Using edible flowers to add colour, texture and flavour to dishes can be traced back to the Roman era, then saw a resurgence during Victoria's reign thanks to the popularity of floriography. Today I thought I'd run through a few recipe ideas for the edible flower varieties we sell here at Seedology. I love encouraging people to try new things and finding new uses for plants they may already grow. Cooking with edible flowers adds a touch of elegance and beauty to everyday living and helps build a deeper connection between us and the food on our plates.
When growing edible flowers, take care not to plant them near busy roads or industrial areas. Do not eat flowers that have been in contact with herbicides/pesticides and take time to carefully identify each plant before harvesting. Like with most foods, some people can be allergic to specific flower groups, and those with health complaints should research each plant before consumption.
These bold and vibrant flowers brighten up any summer salad, while the leaves provide a spicy kick. Nasturtium seeds can also be harvested and used like capers, perhaps in tapenade or on a pizza.
Lavender has a variety of uses in the home, its soothing aroma can be added to baths, candles or scent sachets while also working wonders sprinkled into baking or roasts. A warm, buttery lavender shortbread with a nice cup of tea? Lovely!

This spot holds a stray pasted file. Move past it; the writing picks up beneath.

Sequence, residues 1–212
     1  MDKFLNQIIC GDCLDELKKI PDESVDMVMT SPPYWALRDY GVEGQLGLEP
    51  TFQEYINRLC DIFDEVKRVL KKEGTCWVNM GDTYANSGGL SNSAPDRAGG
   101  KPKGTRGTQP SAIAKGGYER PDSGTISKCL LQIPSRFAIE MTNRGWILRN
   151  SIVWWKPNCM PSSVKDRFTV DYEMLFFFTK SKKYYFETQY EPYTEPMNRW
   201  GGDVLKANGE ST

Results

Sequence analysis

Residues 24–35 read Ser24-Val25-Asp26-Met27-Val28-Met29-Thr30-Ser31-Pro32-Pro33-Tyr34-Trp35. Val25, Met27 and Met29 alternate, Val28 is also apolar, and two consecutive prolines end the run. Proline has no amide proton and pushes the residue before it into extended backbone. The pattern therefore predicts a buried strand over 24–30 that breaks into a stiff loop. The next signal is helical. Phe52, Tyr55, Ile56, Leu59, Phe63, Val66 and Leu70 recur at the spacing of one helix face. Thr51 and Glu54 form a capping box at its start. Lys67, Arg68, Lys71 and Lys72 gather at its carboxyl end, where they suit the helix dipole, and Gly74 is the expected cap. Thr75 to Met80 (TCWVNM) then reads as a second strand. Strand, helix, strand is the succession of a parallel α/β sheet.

Those familiar with shop-bought chives may be surprised by the beauty of the purple pom-pom blooms given by this member of the allium family. Chives are mild enough to eat uncooked, so can be rinsed and chopped up straight from the garden or windowsill.
Cornflowers have become endangered in recent years due to the over-use of herbicides as a result of increasingly intensive farming. Cornflower petals look lovely and add delicate flavour when mixed into butter and served over a fresh, warm baguette.
Borage is perfect for attracting more bees to your garden and eagerly self-seeds. Harvest the borage young for a crunchy salad leaf similar to the taste of cucumber. Borage also works wonders in soups and can even be used to garnish Pimm's, ideal for summer garden parties.
I hope you enjoy experimenting with edible flowers this summer, please share your recipe ideas and tag @seedology.uk on Instagram so that we can see your lovely creations.
For our full range of edible flower, herb and vegetable seeds, visit:
SeedologyUK on Etsy